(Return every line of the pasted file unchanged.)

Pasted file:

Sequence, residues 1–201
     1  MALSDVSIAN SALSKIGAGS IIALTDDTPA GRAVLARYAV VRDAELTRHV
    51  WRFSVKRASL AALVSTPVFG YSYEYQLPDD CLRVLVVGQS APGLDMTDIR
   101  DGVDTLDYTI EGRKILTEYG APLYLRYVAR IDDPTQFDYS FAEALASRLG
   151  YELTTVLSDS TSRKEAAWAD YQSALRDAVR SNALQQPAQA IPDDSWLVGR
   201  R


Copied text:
Sequence, residues 1–201
     1  MALSDVSIAN SALSKIGAGS IIALTDDTPA GRAVLARYAV VRDAELTRHV
    51  WRFSVKRASL AALVSTPVFG YSYEYQLPDD CLRVLVVGQS APGLDMTDIR
   101  DGVDTLDYTI EGRKILTEYG APLYLRYVAR IDDPTQFDYS FAEALASRLG
   151  YELTTVLSDS TSRKEAAWAD YQSALRDAVR SNALQQPAQA IPDDSWLVGR
   201  R